Casey stumbles backwards, her eyes wide. “So what? It meant nothing? You just...you what? Wanted to kiss me? Sleep with me? Do whatever you want, so long as nothing serious happens? I don’t get it Cap!”

“Just stop trying to....”

“No! I want to understand! One minute you want to be with me and the next, you’d rather I never stepped foot in the same building as you! What did I do wrong?! I can’t keep wondering...I can’t keep playing this game, year after year after year.”

“I had to watch you with Evan for three years!” he protests.

“I had to watch you with Rebecca!” she defends.

“Well, I had to watch you with Max!” He’s sounding childish now, but he can’t help it. She’s overwhelming him.

“Well, I have to watch you with girl after girl after girl...”

“Look, I didn’t tell you to break up with Max,” he snaps, trying to maintain some semblance of dignity. “In fact, if you remember correctly, I told you not to. But you went ahead and messed everything up and now you’re looking for someone to blame....”

“I didn’t break up with Max for you,” Casey hisses. “I broke up with Max, because it wouldn’t have been fair to stay with him when I really wanted to be with you. It wouldn’t have been fair to anyone. And you don’t want to be with me. Fine. I get it. And I could actually accept it if you could just tell me what’s changed in the past month? You wanted to be with me and now you can. I don’t understand.”

His breathing’s irregular, sweat forming behind his neck, creeping under the edges of his hair. She wants to know what’s changed. What changed? He can’t answer her, because he can’t even begin to devour her question. He’s afraid that maybe too much has changed. Maybe he’s changed. Maybe he was wrong about her all along. Maybe he just likes being miserable.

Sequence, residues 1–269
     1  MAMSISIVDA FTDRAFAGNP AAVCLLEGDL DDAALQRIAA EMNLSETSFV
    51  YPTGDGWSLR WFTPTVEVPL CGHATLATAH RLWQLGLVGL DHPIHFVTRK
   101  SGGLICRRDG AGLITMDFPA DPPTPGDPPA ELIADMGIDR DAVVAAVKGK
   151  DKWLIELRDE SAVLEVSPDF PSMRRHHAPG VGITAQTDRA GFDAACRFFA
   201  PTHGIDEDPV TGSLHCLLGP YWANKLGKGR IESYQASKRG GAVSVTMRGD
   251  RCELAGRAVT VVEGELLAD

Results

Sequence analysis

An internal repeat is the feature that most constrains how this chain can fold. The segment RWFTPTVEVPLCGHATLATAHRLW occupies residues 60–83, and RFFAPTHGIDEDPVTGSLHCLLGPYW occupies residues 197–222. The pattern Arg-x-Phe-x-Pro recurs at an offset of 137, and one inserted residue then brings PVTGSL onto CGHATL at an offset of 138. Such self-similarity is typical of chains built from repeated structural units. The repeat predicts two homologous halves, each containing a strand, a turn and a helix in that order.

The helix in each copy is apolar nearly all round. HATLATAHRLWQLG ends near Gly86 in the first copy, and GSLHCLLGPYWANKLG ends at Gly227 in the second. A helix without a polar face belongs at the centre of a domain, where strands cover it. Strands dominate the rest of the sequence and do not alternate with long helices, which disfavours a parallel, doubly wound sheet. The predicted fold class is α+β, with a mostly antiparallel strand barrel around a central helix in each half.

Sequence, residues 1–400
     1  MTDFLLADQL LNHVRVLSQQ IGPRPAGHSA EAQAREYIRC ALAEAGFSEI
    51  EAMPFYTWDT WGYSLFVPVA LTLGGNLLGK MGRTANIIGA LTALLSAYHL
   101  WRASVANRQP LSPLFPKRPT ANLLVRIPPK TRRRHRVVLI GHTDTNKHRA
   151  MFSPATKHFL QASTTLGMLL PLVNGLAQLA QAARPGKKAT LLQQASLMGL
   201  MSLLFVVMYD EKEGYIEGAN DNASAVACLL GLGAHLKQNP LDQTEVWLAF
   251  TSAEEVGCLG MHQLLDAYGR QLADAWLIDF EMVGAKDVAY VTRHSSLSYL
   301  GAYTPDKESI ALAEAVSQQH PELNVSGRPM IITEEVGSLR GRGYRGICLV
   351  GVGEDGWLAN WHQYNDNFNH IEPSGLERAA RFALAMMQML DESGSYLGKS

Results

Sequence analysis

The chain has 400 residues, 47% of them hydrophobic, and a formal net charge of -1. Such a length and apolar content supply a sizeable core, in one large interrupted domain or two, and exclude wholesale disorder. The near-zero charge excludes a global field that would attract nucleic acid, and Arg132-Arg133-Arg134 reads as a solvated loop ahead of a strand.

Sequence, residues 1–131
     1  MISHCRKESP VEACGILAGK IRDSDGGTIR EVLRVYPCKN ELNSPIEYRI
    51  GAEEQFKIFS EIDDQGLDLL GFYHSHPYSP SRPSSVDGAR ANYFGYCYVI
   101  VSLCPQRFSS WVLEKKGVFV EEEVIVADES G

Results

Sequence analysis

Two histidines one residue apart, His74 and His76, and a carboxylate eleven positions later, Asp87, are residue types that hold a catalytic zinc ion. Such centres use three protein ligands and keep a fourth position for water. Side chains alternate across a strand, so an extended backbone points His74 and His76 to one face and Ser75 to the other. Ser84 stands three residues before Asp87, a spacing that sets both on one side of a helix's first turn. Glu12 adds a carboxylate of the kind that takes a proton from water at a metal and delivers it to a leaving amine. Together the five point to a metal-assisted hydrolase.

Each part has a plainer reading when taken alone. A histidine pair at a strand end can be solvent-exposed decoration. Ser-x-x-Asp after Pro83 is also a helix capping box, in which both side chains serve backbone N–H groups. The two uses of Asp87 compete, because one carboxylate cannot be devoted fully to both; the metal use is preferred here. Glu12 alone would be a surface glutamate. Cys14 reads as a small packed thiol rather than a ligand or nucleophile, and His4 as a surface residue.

“I don’t know,” he mutters.

Casey looks stunned. “That’s all I get? An I don’t know?”

He sighs. She steps closer to him and he retreats, holding his hands up. “Don’t,” he warns her.

She looks baffled. “Don’t what?” She takes another step towards him.

“Don’t walk towards me!” he remarks, sounding like a five year old. “Don’t come looking for me...don’t go to Panhellenic meetings...I mean, god, you’re not even President anymore....”

“Neither is Rusty and he was there!” she insists. “And, I was there on Frannie’s behalf. What? You honestly think I was there to see you?”

He shrugs when he really means to say no.

She stiffens. “Right, and I broke Jordan and Rusty up just so I could come here and see you again, Cap.”

He wants to roll his eyes. “Maybe,” he says, hating himself more than he already does. He doesn’t know why he’s being so course, so vicious. She certainly doesn’t deserve his cruelty. But he can’tbe nice to her. He can’t cave.

“Are you serious?” she asks, looking wounded.

He wants to shake his head. He wants to collapse and tell her that he doesn’t know what’s wrong with him...that he’s all fucked up and the only thing that seems to make sense is the liquid swirling in his red plastic cup. He wants to apologize and tell her to come back later, to keep trying, to check back when his emotions are under control. He wants to tell her he misses her.

But he doesn’t. He stands straight and firm and quiet, challenging her with his eyes to leave.

She sighs, looking away from him. “You know that me running into you is purely coincidental,” she states.